KEXP at CMJ, Day 1: Deerhoof

review by Sheryl Witlen
interview by Jim Beckmann
photos by Doron Gild

If a band is lucky, they are signed to a record label that not only assists them in developing their career for a widespread audience but remains their steadfast support beam and confidant. For San Francisco-based Deerhoof and Kill Rock Stars, it is the perfect marriage of creativity and the love of independent thought and music. From the first tinkering sounds of “Return of the Wood M’lady”, the song that started it all up until the release of this, their fourteenth album, Offend Maggie, Deerhoof has refused to follow the traditional path. Through difficult times of low record sales and lost band mates Kill Rock Star stood firmly behind them. Satomi Matsuzaki (vocals and bass), John Dieterich (guitar), Ed Rodriguez (guitar) and Greg Saunier (drums) together create a unique blend of incomprehensible vocals and mad-math stylistics leaving a cautionary tale for any who dare to mimic their outlandish style. Dissonance, disjointed, asymmetrical, negatively conditioned, hyper-expressive; all these are adjectives used to describe one of the most quizzical artists of our generation. Whether or not you understand what they are trying to accomplish you cannot help but become enraptured by their mystique, tip toeing towards the edge, always left feeling accosted and confused. Satomi is the main culprit in this equation taking the songwriting tricks she has learned along her journey along with their past albums to create a more organic sounding album than any of their previous projects. Venturing a long way from her homeland of Tokyo and under Greg’s guidance and inspiration, she has blossomed into her own and embraced the responsibility of vocalist and front woman of the collective. Evaporated into distant memory are her early performances as a timid wayward performer. In the beginning there was Reveille in 2002 which showcases the band’s rustic recordings both in the studio and home churning out the most poised, confident and clairvoyant of all their albums to date until now. On Offend Maggie, listen carefully to the painstakingly composed “Numina O” which highlights the bands strength when it comes to guitar mastery and formation. Since Reveille we have listened and loved Apple O’ (2003), Milk Man (2004), and The Runners Four (2005) all of which have just laid the ground work for Maggie’s wisdom and innocent beauty. With an upcoming tour, a secure and stable label and talent seeping out of their every move Deerhoof is sure to consume, envelop and confuse numerous fans for sometime to come.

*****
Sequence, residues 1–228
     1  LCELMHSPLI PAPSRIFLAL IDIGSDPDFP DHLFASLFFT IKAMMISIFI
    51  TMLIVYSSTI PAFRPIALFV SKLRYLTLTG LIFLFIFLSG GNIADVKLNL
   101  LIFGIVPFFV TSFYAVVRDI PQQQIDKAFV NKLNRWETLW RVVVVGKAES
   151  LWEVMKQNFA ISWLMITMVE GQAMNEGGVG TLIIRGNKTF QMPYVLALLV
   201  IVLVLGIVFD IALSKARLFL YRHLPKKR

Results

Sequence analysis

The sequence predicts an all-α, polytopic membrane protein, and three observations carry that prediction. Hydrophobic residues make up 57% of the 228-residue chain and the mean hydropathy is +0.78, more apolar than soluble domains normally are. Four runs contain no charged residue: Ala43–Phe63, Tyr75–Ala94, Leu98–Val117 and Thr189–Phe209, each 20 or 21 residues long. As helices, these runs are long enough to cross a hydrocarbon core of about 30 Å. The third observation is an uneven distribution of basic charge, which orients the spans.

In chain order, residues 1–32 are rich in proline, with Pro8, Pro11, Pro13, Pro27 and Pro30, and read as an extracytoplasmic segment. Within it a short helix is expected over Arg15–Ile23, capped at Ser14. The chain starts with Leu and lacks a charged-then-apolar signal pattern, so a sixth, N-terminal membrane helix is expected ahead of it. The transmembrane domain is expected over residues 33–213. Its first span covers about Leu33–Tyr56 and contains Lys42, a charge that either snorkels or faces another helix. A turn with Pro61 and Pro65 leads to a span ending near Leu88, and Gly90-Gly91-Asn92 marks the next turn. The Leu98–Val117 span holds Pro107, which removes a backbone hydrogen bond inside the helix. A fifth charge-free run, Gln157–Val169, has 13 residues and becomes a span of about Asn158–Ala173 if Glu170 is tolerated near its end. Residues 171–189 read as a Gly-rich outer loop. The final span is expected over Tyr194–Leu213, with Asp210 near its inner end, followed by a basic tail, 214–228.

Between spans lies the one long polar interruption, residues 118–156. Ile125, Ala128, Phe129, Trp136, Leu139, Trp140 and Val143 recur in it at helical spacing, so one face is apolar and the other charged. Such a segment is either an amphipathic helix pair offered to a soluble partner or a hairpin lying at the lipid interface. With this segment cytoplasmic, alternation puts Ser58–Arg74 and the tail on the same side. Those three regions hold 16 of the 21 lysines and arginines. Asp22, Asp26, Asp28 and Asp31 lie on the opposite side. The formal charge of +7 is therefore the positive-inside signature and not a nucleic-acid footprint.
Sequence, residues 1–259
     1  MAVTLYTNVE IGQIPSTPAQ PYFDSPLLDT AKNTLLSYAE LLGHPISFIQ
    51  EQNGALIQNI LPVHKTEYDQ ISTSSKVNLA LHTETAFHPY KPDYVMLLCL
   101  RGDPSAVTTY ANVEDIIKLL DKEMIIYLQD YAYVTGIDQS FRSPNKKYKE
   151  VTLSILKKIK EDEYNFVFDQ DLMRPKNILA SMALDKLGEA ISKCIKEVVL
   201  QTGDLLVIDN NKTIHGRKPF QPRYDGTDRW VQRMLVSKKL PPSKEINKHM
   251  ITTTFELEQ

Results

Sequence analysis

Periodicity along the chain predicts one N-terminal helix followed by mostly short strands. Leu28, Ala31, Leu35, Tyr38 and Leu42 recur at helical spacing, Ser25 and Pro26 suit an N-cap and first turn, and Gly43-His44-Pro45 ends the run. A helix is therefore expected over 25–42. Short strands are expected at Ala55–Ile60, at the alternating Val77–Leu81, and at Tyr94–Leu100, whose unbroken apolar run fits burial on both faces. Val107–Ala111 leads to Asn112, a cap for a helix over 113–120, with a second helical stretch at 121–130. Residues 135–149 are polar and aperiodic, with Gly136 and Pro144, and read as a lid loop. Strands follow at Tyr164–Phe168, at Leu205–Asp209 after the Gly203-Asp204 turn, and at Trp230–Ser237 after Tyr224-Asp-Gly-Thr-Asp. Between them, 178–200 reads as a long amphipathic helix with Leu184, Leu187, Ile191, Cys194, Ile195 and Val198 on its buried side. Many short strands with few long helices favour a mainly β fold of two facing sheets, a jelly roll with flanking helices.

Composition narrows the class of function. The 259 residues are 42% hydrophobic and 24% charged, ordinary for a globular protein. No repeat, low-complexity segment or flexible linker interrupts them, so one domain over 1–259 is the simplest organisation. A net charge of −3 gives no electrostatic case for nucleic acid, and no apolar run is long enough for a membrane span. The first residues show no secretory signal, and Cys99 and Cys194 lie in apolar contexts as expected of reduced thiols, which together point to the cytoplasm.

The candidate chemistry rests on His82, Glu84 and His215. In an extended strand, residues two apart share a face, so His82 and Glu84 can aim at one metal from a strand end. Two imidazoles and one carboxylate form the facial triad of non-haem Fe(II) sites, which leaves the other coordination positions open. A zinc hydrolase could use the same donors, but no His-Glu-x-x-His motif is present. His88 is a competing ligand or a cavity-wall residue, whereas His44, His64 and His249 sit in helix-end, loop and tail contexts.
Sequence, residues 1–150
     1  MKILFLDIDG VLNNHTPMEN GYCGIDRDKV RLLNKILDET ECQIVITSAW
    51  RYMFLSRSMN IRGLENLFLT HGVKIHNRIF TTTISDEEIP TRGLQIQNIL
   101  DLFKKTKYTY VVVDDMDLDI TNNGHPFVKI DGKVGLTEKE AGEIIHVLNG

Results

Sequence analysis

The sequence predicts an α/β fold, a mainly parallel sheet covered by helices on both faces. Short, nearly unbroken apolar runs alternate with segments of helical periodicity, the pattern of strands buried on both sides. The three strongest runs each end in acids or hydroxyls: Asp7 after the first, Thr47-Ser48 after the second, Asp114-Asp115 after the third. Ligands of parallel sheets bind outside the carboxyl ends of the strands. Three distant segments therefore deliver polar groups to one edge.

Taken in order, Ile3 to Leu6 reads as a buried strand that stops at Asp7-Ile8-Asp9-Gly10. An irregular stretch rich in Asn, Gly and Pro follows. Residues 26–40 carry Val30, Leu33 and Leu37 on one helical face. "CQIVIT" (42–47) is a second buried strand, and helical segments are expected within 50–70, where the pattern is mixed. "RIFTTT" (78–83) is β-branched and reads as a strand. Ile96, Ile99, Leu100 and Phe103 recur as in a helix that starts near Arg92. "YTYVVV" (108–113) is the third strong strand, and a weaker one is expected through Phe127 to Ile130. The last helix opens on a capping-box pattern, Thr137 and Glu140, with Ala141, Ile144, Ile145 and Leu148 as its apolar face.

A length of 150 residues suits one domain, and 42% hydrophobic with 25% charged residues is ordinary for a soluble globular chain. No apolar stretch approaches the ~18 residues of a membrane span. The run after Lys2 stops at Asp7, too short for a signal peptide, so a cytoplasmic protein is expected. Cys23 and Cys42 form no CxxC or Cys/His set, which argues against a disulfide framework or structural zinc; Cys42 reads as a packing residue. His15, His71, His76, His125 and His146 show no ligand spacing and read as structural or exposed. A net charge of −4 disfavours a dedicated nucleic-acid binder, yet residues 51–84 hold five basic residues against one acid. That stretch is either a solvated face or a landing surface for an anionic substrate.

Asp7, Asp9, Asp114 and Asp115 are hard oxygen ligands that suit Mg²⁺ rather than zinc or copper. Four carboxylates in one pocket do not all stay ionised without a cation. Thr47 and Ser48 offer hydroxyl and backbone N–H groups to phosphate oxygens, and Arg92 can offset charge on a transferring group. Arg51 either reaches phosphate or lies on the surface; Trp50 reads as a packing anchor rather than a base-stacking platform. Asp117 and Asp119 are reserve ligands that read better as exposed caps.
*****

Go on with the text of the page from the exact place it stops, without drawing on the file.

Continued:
After their performance, the band sat down with Jim to talk a bit about their new album, but, as always with Deerhoof, be careful what you believe!

Jim: You mentioned “failure” a whole bunch of times during the studio session, but obviously with you just having released another album you are enjoying a bit of success. How many is it, by the way? Someone today said nine.

Greg: I don’t think so. We started in 94′ our first album was in ’95 it was an LP only. I believe it sold eight copies. We’ve always been on Kill Rock Stars, but we’ve also done projects with other labels intermittently. We had a live album that was released in Australia only, we’ve done one full length album with a New York label called Menlo Park, and then we did something with a Menlo Park label called New York. Just kidding. And then we did another EP called “Green Cosmos,” which I never know whether to count that one.

Jim: It seems like you’ve released something every year though. How did you keep it fresh and different over all that time?

Greg: Is it different?!

Satomi: We try on purpose to do different things and listen to our past albums.

Jim: You go back and listen to your past albums when you are working on recording a new one?

Satomi: I do.

Greg: You do?!

Satomi: I do because otherwise we are repeating the same thing.

Jim: That doesn’t make you repeat it when you hear it?

(Everyone laughs)

Satomi: Well, we repeat them all at the shows. We don’t need to repeat them when we record.

Jim: I disagree with Cheryl in her interview today in that I thought this album was a little bit more “bombastic.” I even read that someone categorize it as “prog.” Was that your intention going in?

Greg: To be prog? Absolutely. In fact, that was the whole premise. Before we even started the band we didn’t have a name, we didn’t have any songs, we didn’t even know the members of the band… but we knew we wanted it to be prog.

(Everyone laughs)

John: We had robes.

Greg: We had robes and we had strobe lights.

Jim: Didn’t you need a bigger drum set though?

Greg: No, we didn’t have a drumset. I was tapping on my knees with drumsticks.